MMR - What they didn't tell you: TV expose of Andrew Wakefield, who launched "gagging writ" litigation to try to stop the investigation. Broadcast in November 2004, after the report, left


Raj Persaud: After an investigation by Deer, in June 2008 UK the celebrity psychiatrist Persaud was suspended for plagiarism. Hear Persaud victim Prof Richard Bentall in a Radio 4 interview


Vioxx - the UK connection: Thousands of deaths were linked to this painkiller from Merck of New Jersey. Deer's 2005 investigation

"There is no such thing as society," said British prime minister Margaret Thatcher in the 1980s. This was the decade watched by Brian Deer as The Sunday Times social affairs correspondent - the first journalist to hold such a title in what was to become a boom specialty in UK media. This site archives a selection of his news, features and comment stories

Porter Stansberry: investments in controversy

Porter Stansberry is a controversial Baltimore-based investment advisor. Deer's ongoing interest arose from a Sunday Times investigation into VaxGen Inc (see above), of Brisbane, California, and a Securities and Exchange Commission case, sometimes dubbed the Stansberry scam, which saw Stansberry (right) prosecuted


Take the Porter Poll here, view the first results of visitors' opinions on Stansberry's strategies, or view an index of reports and features on Stansberry & Associates Investment Research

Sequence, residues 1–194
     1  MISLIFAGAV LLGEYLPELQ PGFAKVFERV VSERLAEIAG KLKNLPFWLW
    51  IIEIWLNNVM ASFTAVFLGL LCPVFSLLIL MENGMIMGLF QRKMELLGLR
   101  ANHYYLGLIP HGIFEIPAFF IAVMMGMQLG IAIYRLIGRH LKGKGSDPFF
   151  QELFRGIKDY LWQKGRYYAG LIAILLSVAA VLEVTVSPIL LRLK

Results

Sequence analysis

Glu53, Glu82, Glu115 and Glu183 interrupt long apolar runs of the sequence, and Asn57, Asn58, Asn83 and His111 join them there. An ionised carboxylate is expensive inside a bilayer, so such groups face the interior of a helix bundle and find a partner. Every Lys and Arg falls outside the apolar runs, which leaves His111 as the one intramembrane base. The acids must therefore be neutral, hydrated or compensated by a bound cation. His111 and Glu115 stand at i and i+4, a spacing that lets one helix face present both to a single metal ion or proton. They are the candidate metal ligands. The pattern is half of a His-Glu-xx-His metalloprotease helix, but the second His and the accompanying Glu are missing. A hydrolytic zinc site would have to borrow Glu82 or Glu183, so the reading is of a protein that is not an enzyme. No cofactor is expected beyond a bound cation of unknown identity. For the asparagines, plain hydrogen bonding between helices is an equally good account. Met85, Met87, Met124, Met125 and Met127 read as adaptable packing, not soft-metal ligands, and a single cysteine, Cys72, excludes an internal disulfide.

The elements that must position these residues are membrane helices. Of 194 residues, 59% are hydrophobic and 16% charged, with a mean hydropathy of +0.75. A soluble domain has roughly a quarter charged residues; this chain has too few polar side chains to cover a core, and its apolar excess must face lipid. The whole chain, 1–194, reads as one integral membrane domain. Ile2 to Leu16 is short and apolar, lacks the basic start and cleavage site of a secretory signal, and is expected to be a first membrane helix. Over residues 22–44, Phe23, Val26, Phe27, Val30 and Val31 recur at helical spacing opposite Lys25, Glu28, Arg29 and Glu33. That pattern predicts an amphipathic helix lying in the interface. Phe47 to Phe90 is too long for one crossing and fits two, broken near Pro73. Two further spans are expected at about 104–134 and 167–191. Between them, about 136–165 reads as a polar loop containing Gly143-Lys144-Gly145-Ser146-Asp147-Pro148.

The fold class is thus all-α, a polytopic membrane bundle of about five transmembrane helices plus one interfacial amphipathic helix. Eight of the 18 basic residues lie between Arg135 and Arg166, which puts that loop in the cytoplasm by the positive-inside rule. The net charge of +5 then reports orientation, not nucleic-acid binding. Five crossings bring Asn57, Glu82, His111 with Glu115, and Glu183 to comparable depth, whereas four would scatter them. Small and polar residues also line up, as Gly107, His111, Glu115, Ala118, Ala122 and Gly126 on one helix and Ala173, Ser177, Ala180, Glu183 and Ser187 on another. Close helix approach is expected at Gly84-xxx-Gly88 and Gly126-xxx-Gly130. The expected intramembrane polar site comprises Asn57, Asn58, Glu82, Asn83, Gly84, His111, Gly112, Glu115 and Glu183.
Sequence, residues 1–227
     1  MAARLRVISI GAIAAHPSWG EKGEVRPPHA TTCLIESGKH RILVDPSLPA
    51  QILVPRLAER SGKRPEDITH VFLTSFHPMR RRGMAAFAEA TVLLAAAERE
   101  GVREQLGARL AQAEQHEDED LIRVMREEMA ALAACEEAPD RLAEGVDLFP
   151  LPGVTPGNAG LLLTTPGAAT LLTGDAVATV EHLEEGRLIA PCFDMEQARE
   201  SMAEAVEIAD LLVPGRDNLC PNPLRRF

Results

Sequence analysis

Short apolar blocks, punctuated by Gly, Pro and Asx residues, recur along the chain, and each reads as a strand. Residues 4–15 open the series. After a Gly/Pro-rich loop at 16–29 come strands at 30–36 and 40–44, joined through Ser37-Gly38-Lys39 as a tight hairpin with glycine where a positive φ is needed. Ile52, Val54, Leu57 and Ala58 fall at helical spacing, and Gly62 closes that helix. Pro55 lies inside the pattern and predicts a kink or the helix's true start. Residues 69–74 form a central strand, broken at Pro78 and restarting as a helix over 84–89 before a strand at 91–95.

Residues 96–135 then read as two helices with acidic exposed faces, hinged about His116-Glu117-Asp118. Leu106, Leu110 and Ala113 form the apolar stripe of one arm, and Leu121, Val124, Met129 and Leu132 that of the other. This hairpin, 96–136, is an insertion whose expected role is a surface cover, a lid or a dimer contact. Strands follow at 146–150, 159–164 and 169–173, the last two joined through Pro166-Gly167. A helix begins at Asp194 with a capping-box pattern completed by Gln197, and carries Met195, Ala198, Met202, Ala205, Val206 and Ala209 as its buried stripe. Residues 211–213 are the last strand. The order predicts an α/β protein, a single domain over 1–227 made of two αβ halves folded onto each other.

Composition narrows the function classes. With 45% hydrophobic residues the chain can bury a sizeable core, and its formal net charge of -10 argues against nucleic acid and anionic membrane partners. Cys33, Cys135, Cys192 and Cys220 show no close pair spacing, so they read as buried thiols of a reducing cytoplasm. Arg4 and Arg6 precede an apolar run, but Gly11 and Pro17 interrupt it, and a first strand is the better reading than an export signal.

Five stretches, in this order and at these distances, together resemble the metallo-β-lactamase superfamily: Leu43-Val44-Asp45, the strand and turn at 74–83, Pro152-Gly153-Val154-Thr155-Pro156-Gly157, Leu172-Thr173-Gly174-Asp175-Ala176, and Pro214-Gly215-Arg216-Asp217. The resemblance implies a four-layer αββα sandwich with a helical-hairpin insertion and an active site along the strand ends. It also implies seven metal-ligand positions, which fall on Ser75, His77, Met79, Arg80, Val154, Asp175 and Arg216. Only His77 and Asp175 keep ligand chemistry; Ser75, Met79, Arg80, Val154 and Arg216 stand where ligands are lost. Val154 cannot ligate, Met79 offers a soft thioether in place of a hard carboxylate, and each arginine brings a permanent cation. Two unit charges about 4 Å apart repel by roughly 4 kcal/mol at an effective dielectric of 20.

Porter Stansberry Investment Research
DTP and the vanishing victims: Before debates about the risks or safety of the MMR triple vaccine, for measles, mumps and rubella, a similar controversy raged about routine DTP or DPT triple shots for diphtheria, pertussis and tetanus. In this inquiry, Brian Deer dug up facts that clashed with his earlier opinions on vaccine risks. The Sunday Times Magazine, November 1998

The Best of Health: Brian Deer's Sunday Times project for the National Health Service

The Best of Health 1 The Best of Health 2 As Britain's first journalist to specialise in what was then the new field of social affairs, in 1988 Brian Deer ran a unique Sunday Times initiative for the UK National Health Service. Named "The Best of Health" and run as a competition, it was backed by the National Association of Health Authorities, the Institute of Health Service Management, the NHS Management Board, and was run by Deer with the PA Consulting Group

A photo exhibition toured the UK, and a book (far left) , edited by Deer, profiled the winners. In this unprecedented exercise, managers, clinicians and staff running a quarter of the entire NHS took part. The following year, the project was repeated with the focus on hospitals (left)